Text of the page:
In many schools across the country, teachers are no longer teaching – and there’s precious little that students and parents can do about it.
My son is set to undergo a major rite of passage for fifth formers – the anxiety-inducing SPM, of course – and he’s going all out. From regular school lessons to supplementary tutoring (the punishing daily regimen of most Malaysian kids), my son is cramming as much studying as he can into his day. Each moment he spends in the presence of his educators is precious, and he must milk his lessons for all they’re worth. I place great trust in his school teachers, in particular, to guide him in the right direction.
So it was a great shock to discover that my trust had been greatly misplaced.
As part of my daily routine, I send my son to school every morning – but I was recently called back to my hometown. So for one day, my son had to make his own way to school – a tedious commute involving taking a Grab taxi at 6.30am, and to return home, an LRT ride and two bus rides.
When I arrived home later the same day, I found him grumpy and irritable – but it wasn’t from the commute. With a great sigh, he explained that he had wasted his time going to school that day, as he had only learned one subject. Bemused, I pressed him for details.
“My Pendidikan Sivik teacher came in to collect our worksheets, but never stayed to teach,” he began. “Then it was time for Pendidikan Agama, but being pregnant, my Ustazah ‘could not teach’ (she just sat there). And then it was supposed to be BM, but my BM teacher was busy with Minggu Bahasa, so she skipped the class entirely. For Modern Mathematics, the teacher came in and collected our books and pretty much lepak-ed in the class.
“As for Physics, the teacher asked us to ‘buat kerja sendiri’. And then finally, for Chemistry, we were taught our lessons for an hour,” he finished glumly.
“Bangang punya sekolah!” I responded, extremely irritated.
I had no cause to doubt my son, but I was perplexed as to why, with SPM examinations just around the corner, the teachers were slacking so brazenly.
I immediately took to Facebook to express my frustration – and to my surprise, many of my friends revealed that their children are, or had been, in the same boat.
“This is nothing new la, Fa,” said Latha. “I went through the same situation with both my kids. Once exams are over, there is almost no classroom learning until the next exam. My boys used to say, ‘Can just go for tuition and take exams in school’.”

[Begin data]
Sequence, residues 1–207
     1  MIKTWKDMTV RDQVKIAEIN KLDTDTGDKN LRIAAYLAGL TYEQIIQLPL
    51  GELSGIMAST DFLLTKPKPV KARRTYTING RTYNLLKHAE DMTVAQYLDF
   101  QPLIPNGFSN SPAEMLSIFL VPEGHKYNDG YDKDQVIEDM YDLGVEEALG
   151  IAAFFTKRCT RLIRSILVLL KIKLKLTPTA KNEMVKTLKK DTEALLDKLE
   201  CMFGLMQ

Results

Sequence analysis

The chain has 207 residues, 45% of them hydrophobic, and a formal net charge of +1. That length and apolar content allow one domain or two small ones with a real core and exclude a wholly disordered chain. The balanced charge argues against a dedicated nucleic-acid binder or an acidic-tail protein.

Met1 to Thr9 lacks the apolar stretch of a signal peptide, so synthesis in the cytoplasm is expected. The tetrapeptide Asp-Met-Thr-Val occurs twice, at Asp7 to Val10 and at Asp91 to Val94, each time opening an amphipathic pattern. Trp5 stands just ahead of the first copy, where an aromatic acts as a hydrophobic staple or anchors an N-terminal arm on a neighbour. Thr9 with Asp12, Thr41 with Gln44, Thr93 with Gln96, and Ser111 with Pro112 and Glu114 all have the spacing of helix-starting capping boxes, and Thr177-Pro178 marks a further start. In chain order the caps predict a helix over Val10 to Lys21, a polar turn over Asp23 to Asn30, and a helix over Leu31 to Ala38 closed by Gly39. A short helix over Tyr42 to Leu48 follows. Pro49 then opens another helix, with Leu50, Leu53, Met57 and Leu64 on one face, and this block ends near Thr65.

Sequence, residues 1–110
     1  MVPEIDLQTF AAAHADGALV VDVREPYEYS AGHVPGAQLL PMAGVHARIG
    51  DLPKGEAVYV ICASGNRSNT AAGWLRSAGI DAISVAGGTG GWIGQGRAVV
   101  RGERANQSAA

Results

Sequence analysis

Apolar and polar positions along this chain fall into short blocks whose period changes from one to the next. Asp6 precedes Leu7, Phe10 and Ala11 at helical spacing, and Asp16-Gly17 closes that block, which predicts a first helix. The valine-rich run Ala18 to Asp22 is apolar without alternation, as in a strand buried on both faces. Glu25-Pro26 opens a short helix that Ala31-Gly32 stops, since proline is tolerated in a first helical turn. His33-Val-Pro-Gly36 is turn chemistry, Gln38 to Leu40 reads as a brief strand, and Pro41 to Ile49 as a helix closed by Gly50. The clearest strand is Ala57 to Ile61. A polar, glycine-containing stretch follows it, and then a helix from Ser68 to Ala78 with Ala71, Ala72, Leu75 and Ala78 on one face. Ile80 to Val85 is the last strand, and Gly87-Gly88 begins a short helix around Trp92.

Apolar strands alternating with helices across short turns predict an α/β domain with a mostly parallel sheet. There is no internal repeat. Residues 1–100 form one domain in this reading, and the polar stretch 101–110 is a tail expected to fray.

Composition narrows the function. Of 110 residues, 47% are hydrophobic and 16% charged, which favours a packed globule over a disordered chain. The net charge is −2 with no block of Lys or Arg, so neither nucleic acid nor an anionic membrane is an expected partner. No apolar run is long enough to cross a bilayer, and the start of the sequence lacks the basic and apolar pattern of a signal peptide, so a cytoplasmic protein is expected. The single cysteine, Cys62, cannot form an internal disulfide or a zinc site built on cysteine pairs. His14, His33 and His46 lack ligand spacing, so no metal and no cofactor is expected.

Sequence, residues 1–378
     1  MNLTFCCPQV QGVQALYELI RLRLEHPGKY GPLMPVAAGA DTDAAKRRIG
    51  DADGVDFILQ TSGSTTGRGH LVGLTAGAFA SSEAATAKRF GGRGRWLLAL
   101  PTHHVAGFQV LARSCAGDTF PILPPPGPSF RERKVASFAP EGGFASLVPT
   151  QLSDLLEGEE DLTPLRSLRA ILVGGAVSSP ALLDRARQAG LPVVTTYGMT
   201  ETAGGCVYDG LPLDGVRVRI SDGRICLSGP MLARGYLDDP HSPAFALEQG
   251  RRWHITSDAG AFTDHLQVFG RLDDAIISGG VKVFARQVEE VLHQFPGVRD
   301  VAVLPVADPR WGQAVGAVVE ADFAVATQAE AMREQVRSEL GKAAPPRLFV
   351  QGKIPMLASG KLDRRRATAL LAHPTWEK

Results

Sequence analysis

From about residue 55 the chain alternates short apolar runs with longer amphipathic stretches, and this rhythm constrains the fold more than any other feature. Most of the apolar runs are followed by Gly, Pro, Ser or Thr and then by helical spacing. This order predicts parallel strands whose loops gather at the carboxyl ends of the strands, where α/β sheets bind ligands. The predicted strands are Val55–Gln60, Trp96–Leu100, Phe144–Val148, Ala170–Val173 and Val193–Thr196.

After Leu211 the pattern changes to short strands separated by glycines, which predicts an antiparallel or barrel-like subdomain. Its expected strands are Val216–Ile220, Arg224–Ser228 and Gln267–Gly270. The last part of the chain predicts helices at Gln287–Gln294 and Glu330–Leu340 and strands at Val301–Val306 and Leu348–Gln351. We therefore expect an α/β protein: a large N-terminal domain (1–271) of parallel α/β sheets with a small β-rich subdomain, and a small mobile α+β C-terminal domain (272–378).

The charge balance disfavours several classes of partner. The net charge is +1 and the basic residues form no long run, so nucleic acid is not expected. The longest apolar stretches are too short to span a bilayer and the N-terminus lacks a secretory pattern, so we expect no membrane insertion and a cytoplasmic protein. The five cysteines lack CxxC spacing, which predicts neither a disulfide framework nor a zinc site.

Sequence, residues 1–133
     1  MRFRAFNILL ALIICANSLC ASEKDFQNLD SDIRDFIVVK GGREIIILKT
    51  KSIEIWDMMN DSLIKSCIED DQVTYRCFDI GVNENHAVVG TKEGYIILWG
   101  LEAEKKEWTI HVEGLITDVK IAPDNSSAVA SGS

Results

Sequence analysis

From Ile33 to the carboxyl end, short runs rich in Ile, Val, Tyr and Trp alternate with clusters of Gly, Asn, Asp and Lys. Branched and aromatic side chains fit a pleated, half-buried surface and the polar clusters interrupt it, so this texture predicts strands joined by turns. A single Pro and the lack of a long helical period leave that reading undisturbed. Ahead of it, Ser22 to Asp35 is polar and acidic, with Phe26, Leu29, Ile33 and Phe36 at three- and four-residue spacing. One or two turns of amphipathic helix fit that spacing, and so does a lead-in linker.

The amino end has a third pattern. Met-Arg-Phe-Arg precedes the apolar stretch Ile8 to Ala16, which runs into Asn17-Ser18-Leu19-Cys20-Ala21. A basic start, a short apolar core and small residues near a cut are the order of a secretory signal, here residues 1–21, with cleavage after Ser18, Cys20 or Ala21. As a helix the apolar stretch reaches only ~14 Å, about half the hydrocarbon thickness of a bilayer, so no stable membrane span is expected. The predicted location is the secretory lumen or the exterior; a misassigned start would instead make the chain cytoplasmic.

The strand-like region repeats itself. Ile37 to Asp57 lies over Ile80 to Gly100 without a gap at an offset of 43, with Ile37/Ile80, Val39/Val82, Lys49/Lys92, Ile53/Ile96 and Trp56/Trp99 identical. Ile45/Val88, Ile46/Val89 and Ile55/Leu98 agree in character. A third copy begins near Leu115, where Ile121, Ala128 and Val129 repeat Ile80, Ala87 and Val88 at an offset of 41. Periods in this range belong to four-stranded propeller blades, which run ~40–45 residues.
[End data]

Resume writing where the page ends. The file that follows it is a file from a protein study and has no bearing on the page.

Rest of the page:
Elsha Ong, a mother of three, wrote: “It seems to be occurring in my kids’ school too. I wonder if this happens in private and international schools….”
Hardy Singh remarked: “It happened in my sons’ school too. Teachers weren’t teaching because they ‘had to go for courses’!”
Kamala Vasudevan had this to share: “I remember when my youngest was in secondary school. Same problem, so I asked the principal why so many teachers were absent from school. He referred me to the teachers’ roster, and it showed that teachers had been seconded to the Education Department. For some reason, the teachers were filling in for the Department staff when it came to carrying out extra duties.
“So you know what the teacher advised me? To teach my girl at home, and only send her to school to ‘socialise’. And I did exactly that. My girl went twice a week to school and had tutoring daily at home,” she added.
What nonsense is this? Why are government schools forsaking our kids?
As if truant and idling teachers weren’t bad enough, I discovered that the previous week, while my son’s non-Muslim classmates were allowed to attend their Chemistry, Add Maths and Physics classes (though I have no idea if the teachers showed up and actually taught), my boy and other Muslim students were made to attend a talk exclusively on how to do well in SPM Pendidikan Islam.
All this follows another incident I related a couple of months ago, when my son had asked permission from his Ustazah to skip a ceramah agama to attend his Biology class since it was his turn to do a class presentation. The Ustazah told him that “Biology won’t secure a place for him in Heaven.”
Sigh. I had a mind to go to my son’s school and raise hell, demanding that the situation be rectified. But in the back of my mind, I knew it would be futile – and I wondered whether I should simply accept the fact that our education system is a shambles and to take matters into my own hands, as my Facebook friends had done. (This is what it has come to, dear readers).
As I continued reading the responses on Facebook, my son said: “I’m thinking of not going to school tomorrow, Ma. I only have Agama, BM, PE and English. Ustazah is still pregnant, the BM teacher is still busy with Minggu Bahasa, I don’t want to do PE in this heatwave, and as for English, well, my teacher has been sick the whole week.”
“Can I just stay in and sleep?” he asked.
“Sounds good to me,” I said.